The weather forecast continues to look less than favorable for the launch of SpaceX’s Falcon Heavy rocket on its first operational mission Tuesday, according to the Air Force.
Conditions are only 30 percent “go” for the 6:36 p.m. launch from Kennedy Space Center’s pad 39A with the Arabsat 6A commercial communications satellite. Teams can, however, try to wait out the weather until the window closes at 8:35 p.m.
“The primary weather concerns are disturbed weather, anvil cloud, cumulus cloud and lightning rules,” forecasters with the 45th Weather Squadron said Sunday.
In the event of a delay to Wednesday, the forecast improves to 80 percent “go.”
After liftoff, the rocket’s three cores will all target landings – the two side boosters will autonomously return to Cape Canaveral Air Force Station, while the center core will fire slightly longer and then land on the Of Course I Still Love You drone ship in the Atlantic Ocean. The dual landings will likely be the only ones visible from the Space Coast, but the center core will return to Port Canaveral for processing a few days later.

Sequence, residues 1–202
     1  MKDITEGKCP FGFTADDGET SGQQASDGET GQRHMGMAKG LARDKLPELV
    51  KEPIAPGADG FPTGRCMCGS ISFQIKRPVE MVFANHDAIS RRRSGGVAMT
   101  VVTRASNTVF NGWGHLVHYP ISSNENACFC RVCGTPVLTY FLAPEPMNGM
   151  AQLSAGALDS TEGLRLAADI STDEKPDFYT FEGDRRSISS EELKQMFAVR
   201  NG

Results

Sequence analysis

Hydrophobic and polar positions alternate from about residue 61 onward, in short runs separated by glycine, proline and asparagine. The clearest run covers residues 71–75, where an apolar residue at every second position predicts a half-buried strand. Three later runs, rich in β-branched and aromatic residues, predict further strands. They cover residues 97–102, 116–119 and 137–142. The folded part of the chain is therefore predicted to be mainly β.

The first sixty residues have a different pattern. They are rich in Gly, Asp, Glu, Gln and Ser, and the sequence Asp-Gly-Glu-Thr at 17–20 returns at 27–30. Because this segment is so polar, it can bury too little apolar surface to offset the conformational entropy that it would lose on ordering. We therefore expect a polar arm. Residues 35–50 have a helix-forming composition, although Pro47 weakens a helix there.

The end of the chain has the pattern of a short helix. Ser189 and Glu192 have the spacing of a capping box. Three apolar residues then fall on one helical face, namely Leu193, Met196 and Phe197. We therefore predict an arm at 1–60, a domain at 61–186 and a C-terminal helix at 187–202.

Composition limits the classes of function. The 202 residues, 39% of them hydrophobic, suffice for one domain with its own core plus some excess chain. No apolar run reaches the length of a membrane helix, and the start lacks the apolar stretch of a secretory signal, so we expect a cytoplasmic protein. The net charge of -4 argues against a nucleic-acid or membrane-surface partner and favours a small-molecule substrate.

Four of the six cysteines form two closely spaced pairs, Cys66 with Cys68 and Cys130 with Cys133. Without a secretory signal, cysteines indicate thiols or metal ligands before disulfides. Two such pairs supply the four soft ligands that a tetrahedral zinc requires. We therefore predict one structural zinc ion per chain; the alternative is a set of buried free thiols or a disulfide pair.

Tuesday’s launch attempt will mark Falcon Heavy’s first operational flight since February 2018’s demonstration launch that vaulted a Tesla Roadster and “Starman” mannequin to deep space. They’re expected to coast through the solar system for millions of years.
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